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OpenDJ is a directory server which is also the base for WindchillDS. It can be used for centralized user management and ThingWorx can be configured to login with users from this Directory Service.   Before we start Pre-requisiste Docker on Ubuntu JKS keystore with a valid certificate JKS keystore is stored in /docker/certificates - on the machine that runs the Docker environments Certificate is generated with a Subject Alternative Name (SAN) extension for hostname, fully qualified hostname and IP address of the opendj (Docker) server Change the blue phrases to the correct passwords, machine names, etc. when following the instructions If possible, use a more secure password than "Password123456"... the one I use is really bad   Related Links https://hub.docker.com/r/openidentityplatform/opendj/ https://backstage.forgerock.com/docs/opendj/2.6/admin-guide/#chap-change-certs https://backstage.forgerock.com/knowledge/kb/article/a43576900   Configuration Generate the PKCS12 certificate Assume this is our working directory on the Docker machine (with the JKS certificate in it)   cd /docker/certificates   Create .pin file containing the keystore password   echo "Password123456" > keystore.pin   Convert existing JKS keystore into a new PKCS12 keystore   keytool -importkeystore -srcalias muc-twx-docker -destalias server-cert -srckeystore muc-twx-docker.jks -srcstoretype JKS -srcstorepass `cat keystore.pin` -destkeystore keystore -deststoretype PKCS12 -deststorepass `cat keystore.pin` -destkeypass `cat keystore.pin`   Export keystore and Import into truststore   keytool -export -alias server-cert -keystore keystore -storepass `cat keystore.pin` -file server-cert.crt keytool -import -alias server-cert -keystore truststore -storepass `cat keystore.pin` -file server-cert.crt     Docker Image & Container Download and run   sudo docker pull openidentityplatform/opendj sudo docker run -d --name opendj --restart=always -p 389:1389 -p 636:1636 -p 4444:4444 -e BASE_DN=o=opendj -e ROOT_USER_DN=cn=Manager -e ROOT_PASSWORD=Password123456 -e SECRET_VOLUME=/var/secrets/opendj -v /docker/certificates:/var/secrets/opendj:ro openidentityplatform/opendj   After building the container, it MUST be restarted immediately in order for recognizing the new certificates   sudo docker restart opendj   Verify that the certificate is the correct one, execute on the machine that runs the Docker environments: openssl s_client -connect localhost:636 -showcerts   Load the .ldif Use e.g. JXplorer and connect   Select the opendj node LDIF > Import File (my demo breakingbad.ldif is attached to this post) Skip any warnings and messages and continue to import the file   ThingWorx Tomcat If ThingWorx runs in Docker as well, a pre-defined keystore could be copied during image creation. Otherwise connect to the container via commandline: sudo docker exec -it <ThingworxImageName> /bin/sh Tomcat configuration cd /usr/local/openjdk-8/jre/lib/security openssl s_client -connect 10.164.132.9:636 -showcerts Copy the certifcate between BEGIN CERTIFACTE and END CERTIFICATE of above output into opendj.pem, e.g. echo "<cert_goes_here>" > opendj.pem Import the certificate keytool -keystore cacerts -import -alias opendj -file opendj.pem -storepass changeit   ThingWorx Composer As the IP address is used (the hostname is not mapped in Docker container) the certificate must have a SAN containing the IP address     Only works with the TWLDAPExample Directory Service not the ADDS1, because ADDS1 uses hard coded Active Directory queries and structures and therefore does not work with OpenDJ. User ID (cn) must be pre-created in ThingWorx, so the user can login. There is no automatic user creation by the Directory Service. Make sure the Thing is Enabled under General Information   Appendix LDAP Structure for breakingbad.ldif cn=Manager / Password123456 All users with password Password123456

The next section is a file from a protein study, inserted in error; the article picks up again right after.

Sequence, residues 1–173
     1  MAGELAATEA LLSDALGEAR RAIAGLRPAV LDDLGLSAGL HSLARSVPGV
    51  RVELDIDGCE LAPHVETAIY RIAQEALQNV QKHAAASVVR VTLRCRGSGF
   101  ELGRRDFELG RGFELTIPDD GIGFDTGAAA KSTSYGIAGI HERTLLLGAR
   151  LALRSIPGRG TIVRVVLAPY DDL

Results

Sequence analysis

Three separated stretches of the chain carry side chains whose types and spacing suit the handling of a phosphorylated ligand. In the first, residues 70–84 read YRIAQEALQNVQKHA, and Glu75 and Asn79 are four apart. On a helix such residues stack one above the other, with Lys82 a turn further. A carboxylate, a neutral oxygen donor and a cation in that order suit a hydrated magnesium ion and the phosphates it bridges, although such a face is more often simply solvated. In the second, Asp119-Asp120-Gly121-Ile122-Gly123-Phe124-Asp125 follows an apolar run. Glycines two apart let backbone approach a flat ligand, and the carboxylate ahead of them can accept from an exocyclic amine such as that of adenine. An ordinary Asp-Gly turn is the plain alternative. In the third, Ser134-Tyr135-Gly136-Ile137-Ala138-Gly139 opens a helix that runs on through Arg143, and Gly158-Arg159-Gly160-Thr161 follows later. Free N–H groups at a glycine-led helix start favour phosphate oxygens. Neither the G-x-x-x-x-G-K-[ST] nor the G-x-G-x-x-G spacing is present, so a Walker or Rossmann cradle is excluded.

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In case it's useful for anyone, I successfully used the Thingworx Importer to import an Entity using version 8.4.1. The import command was in a CURL script (can also be run using e.g. Cygwin on Windows) and the entity data was contained in an XML file. The XML file is attached to this post, and the CURL script is copied into the bottom of the post body.   Notes on using the script: Copy CURL code into import.sh You might need to change the line endings to UNIX, e.g. in Notepad++ menu option Edit > EOL Conversion > Unix Give permissions to run import.sh (chmod +x import.sh) ./import.sh >>>>>>>>>>>> #!/bin/bash APPKEY="2e6704c0-XXXX-XXXX-XXXX-a1589e387d1a" TWX_HTTP_PORT="8018" FILE_PATH_TWX="Things_testImport.xml" PROTOCOL="http://" IP="localhost" URL="$PROTOCOL""$IP"":""$TWX_HTTP_PORT""/Thingworx/Importer?purpose=import" curl -X POST -H 'appKey: '$APPKEY \ -H 'Content-Type: multipart/form-data' \ -H 'Accept: application/json' \ -H 'x-thingworx-session: true' \ -H 'X-XSRF-TOKEN: TWX-XSRF-TOKEN-VALUE' \ -F 'upload=@'$FILE_PATH_TWX \ $URL <<<<<<<<<<<<   Also TWX Importer is explained in this support article.